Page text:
One of the major things I’ve learned from years in the arts is that it really matters how we talk about things.

It matters when the companies that create and sell financial products are also the ones that provide advice.

It matters when the only stats that we measure are based in asset accumulation and net worth building.

It matters when sources that people assume to be independent are heavily influenced by those same sellers of products.

It matters because people flat out don’t trust us.

And why should they?

We have not proven to them that they come first. We have not taken the extra effort to demonstrate that their goals and wants are much more important than finding the most ‘efficient’ solutions.

People aren’t supposed to fit into the tools available… the tools available should be changed and moulded to fit a person’s needs, values, and wants.

That isn’t the conversation we’ve been having.

There are so many individuals in the financial industry who passionately care about people. Who passionately believe in finance’s ability to make lives better, to protect their clients, and to empower those who work so hard.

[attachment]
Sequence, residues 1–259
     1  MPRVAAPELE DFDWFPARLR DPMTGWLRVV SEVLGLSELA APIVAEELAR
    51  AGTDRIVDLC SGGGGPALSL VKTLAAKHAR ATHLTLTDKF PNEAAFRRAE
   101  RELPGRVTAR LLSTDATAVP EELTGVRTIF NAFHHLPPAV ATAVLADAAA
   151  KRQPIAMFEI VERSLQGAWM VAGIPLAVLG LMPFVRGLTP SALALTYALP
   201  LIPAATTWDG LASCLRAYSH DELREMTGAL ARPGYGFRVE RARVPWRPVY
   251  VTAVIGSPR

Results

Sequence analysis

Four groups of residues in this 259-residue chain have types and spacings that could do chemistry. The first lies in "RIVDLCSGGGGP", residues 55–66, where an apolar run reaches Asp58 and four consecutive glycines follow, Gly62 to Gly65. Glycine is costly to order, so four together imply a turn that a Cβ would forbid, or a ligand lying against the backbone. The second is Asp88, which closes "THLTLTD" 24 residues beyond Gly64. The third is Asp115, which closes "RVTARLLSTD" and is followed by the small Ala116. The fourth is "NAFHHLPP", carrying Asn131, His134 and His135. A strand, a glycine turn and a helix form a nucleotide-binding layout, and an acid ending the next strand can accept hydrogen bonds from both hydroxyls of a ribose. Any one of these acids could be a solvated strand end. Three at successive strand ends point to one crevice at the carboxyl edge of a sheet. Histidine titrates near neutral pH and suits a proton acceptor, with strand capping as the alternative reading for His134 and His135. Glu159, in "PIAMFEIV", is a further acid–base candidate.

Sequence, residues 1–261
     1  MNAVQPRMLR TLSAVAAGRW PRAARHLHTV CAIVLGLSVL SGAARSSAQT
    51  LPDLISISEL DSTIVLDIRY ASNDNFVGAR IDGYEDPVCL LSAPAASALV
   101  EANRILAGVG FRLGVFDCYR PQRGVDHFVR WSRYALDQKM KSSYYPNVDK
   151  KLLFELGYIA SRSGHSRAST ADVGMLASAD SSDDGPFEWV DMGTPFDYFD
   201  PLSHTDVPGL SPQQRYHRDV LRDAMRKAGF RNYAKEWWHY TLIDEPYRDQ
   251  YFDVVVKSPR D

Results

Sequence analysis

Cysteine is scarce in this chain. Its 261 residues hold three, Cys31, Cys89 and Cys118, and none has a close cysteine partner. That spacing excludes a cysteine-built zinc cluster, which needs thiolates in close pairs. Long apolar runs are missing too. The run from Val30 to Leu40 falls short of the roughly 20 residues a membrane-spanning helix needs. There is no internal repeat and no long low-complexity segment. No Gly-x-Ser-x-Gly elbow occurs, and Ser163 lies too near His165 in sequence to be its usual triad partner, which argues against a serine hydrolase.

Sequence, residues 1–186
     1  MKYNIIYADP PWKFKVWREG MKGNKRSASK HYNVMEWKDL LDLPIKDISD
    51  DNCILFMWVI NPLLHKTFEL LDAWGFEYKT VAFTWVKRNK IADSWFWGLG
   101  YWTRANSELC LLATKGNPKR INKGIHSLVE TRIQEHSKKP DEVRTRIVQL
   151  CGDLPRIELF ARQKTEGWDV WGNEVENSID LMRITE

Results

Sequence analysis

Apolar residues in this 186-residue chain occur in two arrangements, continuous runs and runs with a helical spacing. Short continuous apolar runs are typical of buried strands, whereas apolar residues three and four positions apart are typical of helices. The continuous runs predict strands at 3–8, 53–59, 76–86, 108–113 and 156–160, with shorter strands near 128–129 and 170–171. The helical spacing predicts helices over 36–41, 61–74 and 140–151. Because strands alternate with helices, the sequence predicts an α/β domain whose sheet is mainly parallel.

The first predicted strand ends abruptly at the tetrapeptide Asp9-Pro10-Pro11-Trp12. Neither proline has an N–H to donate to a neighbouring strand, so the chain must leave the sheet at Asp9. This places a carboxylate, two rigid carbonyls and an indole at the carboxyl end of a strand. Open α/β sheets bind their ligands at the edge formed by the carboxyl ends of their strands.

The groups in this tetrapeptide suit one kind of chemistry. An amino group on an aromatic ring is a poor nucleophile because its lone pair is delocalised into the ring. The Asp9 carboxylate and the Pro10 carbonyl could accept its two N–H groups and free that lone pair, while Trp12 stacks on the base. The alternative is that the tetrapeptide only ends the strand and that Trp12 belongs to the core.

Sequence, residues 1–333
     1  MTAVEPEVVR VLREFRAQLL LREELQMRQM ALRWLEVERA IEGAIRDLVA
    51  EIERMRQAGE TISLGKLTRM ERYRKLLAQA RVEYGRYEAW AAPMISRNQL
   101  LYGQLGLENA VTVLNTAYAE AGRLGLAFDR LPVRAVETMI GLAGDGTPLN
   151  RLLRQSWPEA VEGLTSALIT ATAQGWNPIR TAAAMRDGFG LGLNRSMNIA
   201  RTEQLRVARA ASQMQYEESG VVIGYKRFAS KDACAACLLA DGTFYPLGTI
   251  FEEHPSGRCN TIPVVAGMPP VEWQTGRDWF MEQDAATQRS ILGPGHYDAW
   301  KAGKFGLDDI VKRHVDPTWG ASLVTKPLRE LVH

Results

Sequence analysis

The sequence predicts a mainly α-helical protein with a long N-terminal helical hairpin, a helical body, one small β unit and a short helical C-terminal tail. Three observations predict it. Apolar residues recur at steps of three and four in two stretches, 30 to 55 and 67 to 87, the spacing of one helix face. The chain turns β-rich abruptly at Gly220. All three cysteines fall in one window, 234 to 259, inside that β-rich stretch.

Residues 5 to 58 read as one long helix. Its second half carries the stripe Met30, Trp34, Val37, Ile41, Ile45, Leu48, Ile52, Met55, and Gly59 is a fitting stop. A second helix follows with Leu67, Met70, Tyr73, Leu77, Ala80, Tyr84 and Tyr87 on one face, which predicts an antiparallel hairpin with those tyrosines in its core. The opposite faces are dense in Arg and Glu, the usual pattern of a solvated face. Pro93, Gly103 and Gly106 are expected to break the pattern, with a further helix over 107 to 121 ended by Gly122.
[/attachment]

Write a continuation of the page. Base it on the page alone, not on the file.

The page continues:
I think we can all learn something from them, and change the way that we talk about money.

Maybe then we’ll start to see some change in those financial literacy stats that we all like to complain about.

Maybe then people will start coming back to the conversation.

Want to start getting control of your money? How can I help?

Chris Enns

Chris Enns

Financial Planner/Opera Singer

Money never came naturally to me. In fact… I was a bit of a disaster. I remember (very clearly) what it feels like to be ‘financially out of control’.

And honestly, I still get stressed about money… that doesn’t stop… the difference is that now I have the tools to deal with that stress.

And those tools are what’s made it possible for me to build a life full of the things I want: art, creativity, travel, family and more.

If you want to start getting control of your money I’d love to help. You can start with THIS QUIZ, visiting my GETTING STARTED PAGE or by checking out my SERVICES page.